Fast & Furious 7 - film review: Paul Walker's exit is orchestrated in a graceful and poetic way

(12A) James Wan, 140 mins Starring: Vin Diesel, Dwayne Johnson, Paul Walker, Jason Statham
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The Independent Culture

Spectacular action, chases, races and fight scenes are combined with plotting and dialogue of mind-numbing crudity and plenty of shameless product placement in the latest sequel. There is an added poignance here because this is the last movie featuring Paul Walker (who died in a car crash in late 2013). The project was completed after his death using doubles and digital effects, and the filmmakers orchestrate his exit here in a suitably graceful and poetic way.

The set-pieces are often awe-inspiring, even when they don't make the remotest sense. Here, for example, there is a beautifully staged but meaningless sequence in Abu Dhabi in which we see a sports car driven through the air from skyscraper to skyscraper. There is also a moment in which Vin Diesel drives off a cliff with all the insouciance of a man on his way to buy a pint of milk. We quickly discover that the laws of gravity and ordinary mortality don't apply to the action stars here.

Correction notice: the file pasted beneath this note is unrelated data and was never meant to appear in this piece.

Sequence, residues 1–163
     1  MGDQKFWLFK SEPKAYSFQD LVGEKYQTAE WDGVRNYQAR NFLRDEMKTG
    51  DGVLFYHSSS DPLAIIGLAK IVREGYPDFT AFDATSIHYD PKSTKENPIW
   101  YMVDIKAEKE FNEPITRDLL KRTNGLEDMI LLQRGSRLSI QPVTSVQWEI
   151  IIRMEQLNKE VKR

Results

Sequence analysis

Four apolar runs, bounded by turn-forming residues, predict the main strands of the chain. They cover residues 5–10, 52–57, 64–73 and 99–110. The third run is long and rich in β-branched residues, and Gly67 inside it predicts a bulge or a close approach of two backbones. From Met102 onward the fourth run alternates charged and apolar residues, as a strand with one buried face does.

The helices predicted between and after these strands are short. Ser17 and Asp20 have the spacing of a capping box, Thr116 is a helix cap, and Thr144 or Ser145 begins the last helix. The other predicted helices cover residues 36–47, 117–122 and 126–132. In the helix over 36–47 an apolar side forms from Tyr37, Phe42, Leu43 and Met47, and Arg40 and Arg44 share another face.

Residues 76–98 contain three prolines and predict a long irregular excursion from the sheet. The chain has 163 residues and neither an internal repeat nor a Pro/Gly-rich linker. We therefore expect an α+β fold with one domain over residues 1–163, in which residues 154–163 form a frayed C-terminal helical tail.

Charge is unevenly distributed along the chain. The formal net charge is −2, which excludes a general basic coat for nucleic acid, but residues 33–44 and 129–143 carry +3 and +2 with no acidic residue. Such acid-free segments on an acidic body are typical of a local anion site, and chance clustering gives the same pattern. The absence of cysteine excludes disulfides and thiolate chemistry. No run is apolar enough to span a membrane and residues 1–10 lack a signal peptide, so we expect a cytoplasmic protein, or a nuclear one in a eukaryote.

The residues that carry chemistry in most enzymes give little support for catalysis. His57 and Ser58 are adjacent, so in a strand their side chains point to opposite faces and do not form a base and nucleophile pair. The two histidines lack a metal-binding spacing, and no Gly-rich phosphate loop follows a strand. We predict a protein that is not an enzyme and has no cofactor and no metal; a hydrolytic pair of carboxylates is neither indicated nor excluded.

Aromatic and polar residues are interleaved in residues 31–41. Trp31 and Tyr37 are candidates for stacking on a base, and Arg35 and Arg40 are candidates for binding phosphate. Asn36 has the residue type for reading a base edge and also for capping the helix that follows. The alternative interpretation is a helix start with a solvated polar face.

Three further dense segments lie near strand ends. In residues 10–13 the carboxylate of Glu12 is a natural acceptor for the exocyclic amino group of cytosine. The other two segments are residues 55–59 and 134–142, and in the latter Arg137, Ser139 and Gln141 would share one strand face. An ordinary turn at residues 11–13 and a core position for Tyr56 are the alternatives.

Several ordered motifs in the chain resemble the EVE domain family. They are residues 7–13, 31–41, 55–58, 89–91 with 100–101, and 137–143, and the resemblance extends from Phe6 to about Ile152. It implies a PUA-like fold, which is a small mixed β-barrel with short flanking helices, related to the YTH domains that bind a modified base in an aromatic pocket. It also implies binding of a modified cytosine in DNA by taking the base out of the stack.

The craggy, square-jawed heroes all turn out to have an incredibly sentimental streak. When they're not beating each other up or revving their cars, they trumpet on about the importance of family and loyalty. Highlights here include WWE-style brawls between Jason Statham (in vengeful villain mode and playing "a legitimate English badass") with both Diesel and Dwayne Johnson. There are also enjoyably tongue-in-cheek performances from Kurt Russell as a mysterious spy boss and from young British actress Nathalie Emmanuel (from Hollyoaks and Game Of Thrones) as a beautiful and sarcastic computer hacker.

The question is whether there will be a place for the now-available Jeremy Clarkson in the next sequel.

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